Ms PATTEN (Northern Metropolitan) (14:13): I am very pleased to stand up to speak to the Wildlife Rescue Victoria Bill 2020. Again, it is a crossbench bill that is borne out of the passion of the person who brought it to the house. This is a bill that really exemplifies why Mr Meddick is in this place today. It is the reason why he was elected by his supporters, and I am very pleased to support this bill.
As we have heard, amongst other things it coordinates wildlife rescue, rehabilitation and relief as part of Victoria’s emergency response, and I will get to that in a minute; it removes public confusion and uncertainty about what to do to help wildlife in an emergency circumstance, and I will get to that later; and of course it improves governance and transparency in relation to the care, protection, rehabilitation and release of wildlife.
Now, as someone who owns a wildlife reserve and has done for nearly two decades I feel very passionate about protecting wildlife, and as someone who also had a wildfire, a bushfire, go through that reserve I understand the devastation that a fire can bring to our wildlife, to our native fauna. It is devastating and it is horrific, and this bill will assist us in providing appropriate care in those circumstances. It will enable those volunteers to be well trained and to understand the best ways to assist at that time of emergency.
And I think I would just like to possibly put Ms Lovell’s mind at ease and Mrs McArthur’s mind at ease that this bill does not affect members of the community who want to help animals. It does not affect neighbours, friends, relatives and good Samaritans who want to help wildlife. It only affects volunteers deployed under the emergency services act as wildlife rescue volunteers. So that is what the bill does. It is about the volunteers that are deployed under the emergency services act as wildlife rescue volunteers. It ensures that when they enter a danger zone they do so safely. It ensures that the volunteers who want to help animals in those emergency situations know what they are doing, but it keeps any legislative hands off good Samaritans, friends and neighbours performing those spontaneous acts of care and kindness to animals in need. It fills, I think, a necessary part of—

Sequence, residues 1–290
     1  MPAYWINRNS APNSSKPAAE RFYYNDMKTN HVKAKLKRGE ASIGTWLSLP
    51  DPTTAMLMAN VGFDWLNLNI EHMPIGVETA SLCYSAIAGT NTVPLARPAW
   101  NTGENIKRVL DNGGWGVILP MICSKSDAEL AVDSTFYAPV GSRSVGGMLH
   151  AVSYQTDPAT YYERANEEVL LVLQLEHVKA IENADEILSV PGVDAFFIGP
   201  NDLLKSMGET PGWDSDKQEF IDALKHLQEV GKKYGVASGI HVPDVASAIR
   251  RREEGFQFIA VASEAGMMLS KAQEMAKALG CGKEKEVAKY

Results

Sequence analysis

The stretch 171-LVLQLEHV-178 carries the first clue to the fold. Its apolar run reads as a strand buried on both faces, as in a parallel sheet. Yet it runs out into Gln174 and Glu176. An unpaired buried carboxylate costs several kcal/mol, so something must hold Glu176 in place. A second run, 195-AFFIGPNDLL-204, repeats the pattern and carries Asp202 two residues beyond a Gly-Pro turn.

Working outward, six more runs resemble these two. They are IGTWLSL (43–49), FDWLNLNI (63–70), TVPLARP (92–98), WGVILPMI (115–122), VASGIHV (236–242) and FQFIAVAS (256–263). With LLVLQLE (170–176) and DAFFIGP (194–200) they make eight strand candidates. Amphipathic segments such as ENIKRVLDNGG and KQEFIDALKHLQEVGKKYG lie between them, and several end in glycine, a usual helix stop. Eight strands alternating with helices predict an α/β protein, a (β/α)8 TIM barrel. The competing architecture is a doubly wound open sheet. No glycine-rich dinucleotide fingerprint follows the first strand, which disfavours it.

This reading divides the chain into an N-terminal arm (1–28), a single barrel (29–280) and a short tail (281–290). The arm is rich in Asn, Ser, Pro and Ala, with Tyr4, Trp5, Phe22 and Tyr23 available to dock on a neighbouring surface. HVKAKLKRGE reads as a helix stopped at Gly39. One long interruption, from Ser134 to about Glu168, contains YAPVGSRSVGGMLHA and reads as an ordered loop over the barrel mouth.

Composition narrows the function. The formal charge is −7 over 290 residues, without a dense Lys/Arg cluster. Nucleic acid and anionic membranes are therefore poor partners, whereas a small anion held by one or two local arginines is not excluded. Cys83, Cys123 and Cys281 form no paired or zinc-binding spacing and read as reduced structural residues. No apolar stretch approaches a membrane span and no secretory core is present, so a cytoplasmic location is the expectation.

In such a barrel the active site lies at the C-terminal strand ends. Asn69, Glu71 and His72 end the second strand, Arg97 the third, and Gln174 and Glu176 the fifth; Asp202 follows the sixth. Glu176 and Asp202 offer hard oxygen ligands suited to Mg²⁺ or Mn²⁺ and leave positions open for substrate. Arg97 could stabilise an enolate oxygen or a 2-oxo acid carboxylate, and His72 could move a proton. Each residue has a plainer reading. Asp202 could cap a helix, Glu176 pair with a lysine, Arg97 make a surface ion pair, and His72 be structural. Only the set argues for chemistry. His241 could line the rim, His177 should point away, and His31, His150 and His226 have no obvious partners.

Ms Lovell: Where is that in the bill?
Ms PATTEN: If you read the whole bill, Ms Lovell, I think from the beginning this bill is really specifically directed at emergency—
Ms Lovell: It just says volunteer; it does not define volunteer.
Ms PATTEN: The bill is about volunteers in circumstances of emergency. It is about volunteers deployed under the emergency services act.
Ms Lovell: Isn’t a wombat by the side of the road an emergency?
Ms PATTEN: I just yet again clarify for Ms Lovell that this is about volunteers deployed under the emergency services act. This is not about someone seeing an animal that needs assistance on the side of the road. This is sensible and practical, and it is confined legislation. It is for a very specific task, and it will make a difference to that wildlife. So I am very pleased to support this bill, and I commend it to the house.